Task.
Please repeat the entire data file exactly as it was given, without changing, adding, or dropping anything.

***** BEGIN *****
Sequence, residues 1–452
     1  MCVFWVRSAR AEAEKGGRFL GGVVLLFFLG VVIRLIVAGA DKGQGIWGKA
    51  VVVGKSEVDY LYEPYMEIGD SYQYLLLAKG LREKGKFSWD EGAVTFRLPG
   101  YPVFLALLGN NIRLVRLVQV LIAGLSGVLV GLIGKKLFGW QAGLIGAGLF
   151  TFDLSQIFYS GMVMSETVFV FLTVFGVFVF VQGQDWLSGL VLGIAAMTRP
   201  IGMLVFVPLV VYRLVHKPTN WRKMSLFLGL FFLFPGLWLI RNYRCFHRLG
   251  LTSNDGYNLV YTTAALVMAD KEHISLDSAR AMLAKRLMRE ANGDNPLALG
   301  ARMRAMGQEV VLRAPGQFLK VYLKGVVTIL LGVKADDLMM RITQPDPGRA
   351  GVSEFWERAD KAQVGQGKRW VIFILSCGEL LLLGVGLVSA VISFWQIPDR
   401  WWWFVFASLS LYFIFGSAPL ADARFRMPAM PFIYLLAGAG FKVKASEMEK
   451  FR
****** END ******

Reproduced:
Sequence, residues 1–452
     1  MCVFWVRSAR AEAEKGGRFL GGVVLLFFLG VVIRLIVAGA DKGQGIWGKA
    51  VVVGKSEVDY LYEPYMEIGD SYQYLLLAKG LREKGKFSWD EGAVTFRLPG
   101  YPVFLALLGN NIRLVRLVQV LIAGLSGVLV GLIGKKLFGW QAGLIGAGLF
   151  TFDLSQIFYS GMVMSETVFV FLTVFGVFVF VQGQDWLSGL VLGIAAMTRP
   201  IGMLVFVPLV VYRLVHKPTN WRKMSLFLGL FFLFPGLWLI RNYRCFHRLG
   251  LTSNDGYNLV YTTAALVMAD KEHISLDSAR AMLAKRLMRE ANGDNPLALG
   301  ARMRAMGQEV VLRAPGQFLK VYLKGVVTIL LGVKADDLMM RITQPDPGRA
   351  GVSEFWERAD KAQVGQGKRW VIFILSCGEL LLLGVGLVSA VISFWQIPDR
   401  WWWFVFASLS LYFIFGSAPL ADARFRMPAM PFIYLLAGAG FKVKASEMEK
   451  FR